STOCKPORT COUNCIL BUYS MERSEYWAY, PLANS £40M INVESTMENT


 

For years everyone has complained about the decline in Merseyway shopping centre, and for years the Council has been unable to act, with the centre in private ownership.

Now, for the first time, we have the opportunity to not only bring Merseyway up to date but to do in a way that doesn’t cost council taxpayers a penny and actually brings money in to the council – meaning that we expect to be able to put more money into council services in future.

Stockport Council has bought the Merseyway shopping centre, and plans to spend nearly £40m upgrading it to a modern centre that the town can be proud of. It’s a plan the Lib Dem Executive have been working on for some time, and to see the deal goes through we’ve had to keep it under wraps.

The purchase – including the improvements – is an investment for the people of Stockport. The numbers have been crunched and we’re confident it will provide a good return. It will make money for Stockport in future years, helping offset the cuts we have to make.

But it’s much more than that. When Merseyway first opened it was cutting edge – people came from all over to marvel at it. But decades of under-investment in the hands of private owners have seen it fall behind. The opportunity for the Council to buy the centre came up and, had we not taken it, we believe there was a big risk that the decline would continue.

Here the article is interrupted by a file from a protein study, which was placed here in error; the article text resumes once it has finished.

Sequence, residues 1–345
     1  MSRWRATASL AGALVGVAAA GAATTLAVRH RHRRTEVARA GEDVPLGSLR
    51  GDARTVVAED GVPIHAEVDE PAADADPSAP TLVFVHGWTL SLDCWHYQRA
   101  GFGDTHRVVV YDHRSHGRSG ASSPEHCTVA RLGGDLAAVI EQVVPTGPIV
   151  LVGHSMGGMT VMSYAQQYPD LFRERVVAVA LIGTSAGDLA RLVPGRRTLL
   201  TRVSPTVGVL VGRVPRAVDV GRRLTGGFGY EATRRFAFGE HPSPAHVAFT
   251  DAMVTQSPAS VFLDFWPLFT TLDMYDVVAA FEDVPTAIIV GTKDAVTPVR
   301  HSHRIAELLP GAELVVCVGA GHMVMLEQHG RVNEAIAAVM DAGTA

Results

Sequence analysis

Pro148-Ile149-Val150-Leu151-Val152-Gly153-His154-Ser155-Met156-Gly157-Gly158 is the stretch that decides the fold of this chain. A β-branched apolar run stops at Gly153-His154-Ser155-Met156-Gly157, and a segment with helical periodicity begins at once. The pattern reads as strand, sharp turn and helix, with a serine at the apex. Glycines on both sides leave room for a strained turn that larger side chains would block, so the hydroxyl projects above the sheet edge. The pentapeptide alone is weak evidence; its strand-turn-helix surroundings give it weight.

The Council now – for the first time – has the ability to shape the town centre. The Redrock cinema complex, improvements in Princes Street, Debenhams freehold, Mersey Square, Merseyway, Stockport Exchange and large parts of the Old Town (Marketplace and Underbanks) are now in the control of the council. We want to get them working together to improve Stockport, and provide that return on investment to council taxpayers.

It also gives us more opportunities to review the proposals for the marketplace and see if the council’s ownership of Merseyway along with the marketplace can help.

We know we can’t fix the town centre overnight, but we now have the tools to really make a major difference over the next few years.

Whenever the Council makes a large investment of this sort, people – quite reasonably – ask where the money is coming from and why it’s not being spent to stop the cuts.

The answer is:

  • The money comes from borrowing (which the council can do cheaply) and reserves. By law, the council can’t borrow to fund day-to-day costs but it can borrow to fund this sort of investment.
  • As we face more and more cuts from the Government, the Council needs to find new ways to raise revenue. Making investments in property that generate a return is one way to bring in extra money that we can use to avoid making so many cuts in our day-to-day spending. Our aim is to follow this strategy – it allows the Council to bring in more money. We want more money from property investments and less money from tax rises.

 


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